- Celebrities Hang Out in Heaven: "Rock and Roll Heaven" by the Righteous Brothers imagines Croce with several deceased other musicians — including Jimi Hendrix, Janis Joplin, Otis Redding, Jim Morrison, Jim Croce, and Bobby Darin — in Heaven together forming a hell of a band, band, band!
- Christmas Songs: "It Doesn't Have to Be That Way", which sees its narrator addressing a former lover and suggesting they reunite for the holidays.
- Converting for Love: He converted to Judaism when he married Ingrid.
- Dead Artists Are Better: The majority of his success came after his death.
- Driving Song:
- "Speedball Tucker" is a song about a long-haul truck driver.
- "Rapid Roy" is a song about a stock car racer.
- Early Installment Weirdness: His first album, Facets, is a collection of folk covers, has heavy reverb on just about everything, and lacks the intricate guitar sound that Meuhleisen contributed to his later work.
- Feedback Rule: In a concert recorded in 1973 and first released in 1980 as the album Jim Croce Live: The Final Tour, Croce reacts to an instance of feedback by imitating the sound and saying, "Sounds like a great big om."
- Greatest Hits Album: Photographs & Memories: His Greatest Hits, which was released a year after his death and eventually went platinum. It's the best-selling album in his catalog.
- "I Am" Song:
- "Careful Man"
- "The Hard Way Every Time"
- "I Got a Name"
- It Is Pronounced Tro Pay: "Croce," an Italian name meaning cross, is pronounced "CRO-chee."
- Jail Bait: "Five Short Minutes" is about the singer ending up sentenced to jail for 20 years after agreeing to a girl's advances, implying that he's going to jail because the girl is a minor.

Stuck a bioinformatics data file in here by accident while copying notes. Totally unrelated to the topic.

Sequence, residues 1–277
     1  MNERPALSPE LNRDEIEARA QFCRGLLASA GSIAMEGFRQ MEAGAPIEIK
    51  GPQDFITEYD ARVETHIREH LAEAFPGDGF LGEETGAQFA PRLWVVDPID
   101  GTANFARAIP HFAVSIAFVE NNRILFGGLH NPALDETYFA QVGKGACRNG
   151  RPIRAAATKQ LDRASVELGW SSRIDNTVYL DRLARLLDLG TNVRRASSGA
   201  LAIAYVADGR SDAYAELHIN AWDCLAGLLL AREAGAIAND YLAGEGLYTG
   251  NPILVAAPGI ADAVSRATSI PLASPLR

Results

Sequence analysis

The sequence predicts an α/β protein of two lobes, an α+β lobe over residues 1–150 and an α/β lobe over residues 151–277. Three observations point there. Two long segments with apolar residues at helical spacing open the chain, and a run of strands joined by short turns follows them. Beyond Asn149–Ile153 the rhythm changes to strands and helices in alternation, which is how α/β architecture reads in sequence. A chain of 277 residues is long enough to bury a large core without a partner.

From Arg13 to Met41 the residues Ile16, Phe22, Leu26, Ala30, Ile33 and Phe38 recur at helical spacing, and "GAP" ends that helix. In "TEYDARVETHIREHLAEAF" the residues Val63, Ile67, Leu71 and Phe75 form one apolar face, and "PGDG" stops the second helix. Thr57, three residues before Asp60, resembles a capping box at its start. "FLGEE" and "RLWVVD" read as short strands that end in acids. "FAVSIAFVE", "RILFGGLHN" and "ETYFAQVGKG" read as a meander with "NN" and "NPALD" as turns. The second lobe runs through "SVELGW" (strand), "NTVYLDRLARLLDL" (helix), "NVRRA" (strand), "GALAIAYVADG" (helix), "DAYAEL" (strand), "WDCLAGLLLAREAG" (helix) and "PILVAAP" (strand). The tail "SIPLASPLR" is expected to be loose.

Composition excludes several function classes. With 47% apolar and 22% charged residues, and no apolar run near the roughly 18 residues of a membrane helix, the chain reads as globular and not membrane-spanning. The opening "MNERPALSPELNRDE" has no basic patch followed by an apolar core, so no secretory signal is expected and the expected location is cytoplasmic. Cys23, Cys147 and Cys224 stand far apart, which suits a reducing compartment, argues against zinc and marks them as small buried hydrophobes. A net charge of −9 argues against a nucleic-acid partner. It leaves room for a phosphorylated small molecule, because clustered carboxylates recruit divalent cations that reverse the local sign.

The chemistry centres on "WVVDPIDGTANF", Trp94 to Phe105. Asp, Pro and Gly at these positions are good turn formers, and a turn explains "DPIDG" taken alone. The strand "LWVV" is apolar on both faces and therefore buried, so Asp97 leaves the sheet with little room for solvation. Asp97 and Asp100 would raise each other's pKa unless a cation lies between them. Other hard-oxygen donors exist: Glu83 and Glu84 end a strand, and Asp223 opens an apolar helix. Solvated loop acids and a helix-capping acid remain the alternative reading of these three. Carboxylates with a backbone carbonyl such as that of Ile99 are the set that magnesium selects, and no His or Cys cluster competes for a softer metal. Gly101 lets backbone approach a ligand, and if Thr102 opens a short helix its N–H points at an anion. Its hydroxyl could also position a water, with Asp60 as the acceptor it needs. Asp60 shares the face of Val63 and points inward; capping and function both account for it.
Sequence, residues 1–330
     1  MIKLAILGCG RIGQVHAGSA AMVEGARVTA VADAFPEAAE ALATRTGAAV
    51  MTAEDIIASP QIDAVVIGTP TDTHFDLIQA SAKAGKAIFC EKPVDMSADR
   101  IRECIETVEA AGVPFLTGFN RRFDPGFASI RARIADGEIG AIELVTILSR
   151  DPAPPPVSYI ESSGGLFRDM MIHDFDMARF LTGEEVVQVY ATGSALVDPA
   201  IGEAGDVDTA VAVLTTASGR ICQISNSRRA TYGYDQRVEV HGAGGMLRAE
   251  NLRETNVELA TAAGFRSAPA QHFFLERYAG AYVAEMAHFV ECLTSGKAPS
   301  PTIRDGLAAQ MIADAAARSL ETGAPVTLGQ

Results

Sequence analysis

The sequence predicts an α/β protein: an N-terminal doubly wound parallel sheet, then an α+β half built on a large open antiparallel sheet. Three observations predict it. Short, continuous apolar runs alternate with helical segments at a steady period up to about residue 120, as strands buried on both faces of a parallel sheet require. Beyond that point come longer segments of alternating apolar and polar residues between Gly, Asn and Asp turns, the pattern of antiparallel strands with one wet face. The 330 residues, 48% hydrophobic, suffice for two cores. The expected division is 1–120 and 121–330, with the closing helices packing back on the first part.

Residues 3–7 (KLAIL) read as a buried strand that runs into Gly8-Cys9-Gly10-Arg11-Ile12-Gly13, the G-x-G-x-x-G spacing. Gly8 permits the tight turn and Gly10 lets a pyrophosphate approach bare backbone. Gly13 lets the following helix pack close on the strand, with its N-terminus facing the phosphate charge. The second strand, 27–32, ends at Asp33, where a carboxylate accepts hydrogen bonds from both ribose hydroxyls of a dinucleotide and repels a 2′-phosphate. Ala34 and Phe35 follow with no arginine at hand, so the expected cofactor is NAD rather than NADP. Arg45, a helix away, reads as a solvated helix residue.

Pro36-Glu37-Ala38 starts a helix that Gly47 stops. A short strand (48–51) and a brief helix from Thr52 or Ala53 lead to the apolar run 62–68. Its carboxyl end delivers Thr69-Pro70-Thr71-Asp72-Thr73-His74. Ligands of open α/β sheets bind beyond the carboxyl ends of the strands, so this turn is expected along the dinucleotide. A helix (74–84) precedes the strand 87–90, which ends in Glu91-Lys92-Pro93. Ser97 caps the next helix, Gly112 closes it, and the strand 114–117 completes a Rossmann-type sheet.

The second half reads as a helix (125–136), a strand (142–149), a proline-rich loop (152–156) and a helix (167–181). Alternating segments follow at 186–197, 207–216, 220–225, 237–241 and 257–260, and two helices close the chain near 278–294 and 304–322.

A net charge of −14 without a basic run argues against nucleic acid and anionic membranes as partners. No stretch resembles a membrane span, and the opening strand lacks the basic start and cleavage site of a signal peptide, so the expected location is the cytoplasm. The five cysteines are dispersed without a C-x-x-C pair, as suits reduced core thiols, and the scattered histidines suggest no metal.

- Long Title: Averted. A couple of his songs had very long titles, but were cut down on release:
- "Roller Derby Queen" was originally "I Fell in Love With a Roller Derby Queen."
- "Workin' at the Car Wash Blues" was "I Got the Steadily Depressin', Lowdown, Mind-Messin' Workin' at the Car Wash Blues".
- Love Nostalgia Song: "Photographs and Memories"
- Neoclassical Punk Zydeco Rockabilly: Croce mixed folk, country, blues, and pop, with the occasional bit of rock 'n' roll, bluegrass, or classical for good measure.
- Nice Guy
- Non-Appearing Title:
- One-Man Song: Bad, Bad Leroy Brown
- Protest Song: "Which Way Are You Going?"
- Retirony: Died shortly after deciding to leave the business, departing from a concert he hadn't originally been scheduled to play. On the day his fifth single was released.
- Something Blues: "Workin' at the Car Wash Blues".
- Springtime for Hitler: As a wedding gift, Jim's parents gave him $500, with the stipulation that it be used to record an album. Their reasoning was that it would fail, and that he would be persuaded to give up on the idea of being a professional musician. The album, Facets, ended up being quite popular, and sold out its entire run in less than a week.
- Telephone Song: "Operator (That's Not The Way It Feels)"
- Unreliable Narrator: How some interpret "Workin' at the Car Wash Blues". The premise of the song is that the narrator claims his intelligence is wasted working at the car wash and that he deserves greater success in life, calling himself "a genius" and "an undiscovered Howard Hughes". However, there is nothing in the song to back up his claims, so it's up to the listener's interpretation to decide if he's telling the truth and was just dealt a bad hand in life, or if he just has a massive ego and really isn't as smart as he thinks he is.
- Younger Than They Look: In most of his later photos, he has a tired, worn look, and could easily pass for 40. He was 30 when he died.
- Young Future Famous People: Jim often brought other struggling musicians home for dinner, and invited them to parties. Among others, they included Jimmy Buffett, James Taylor, Arlo Guthrie, Bonnie Raitt, and Randy Newman.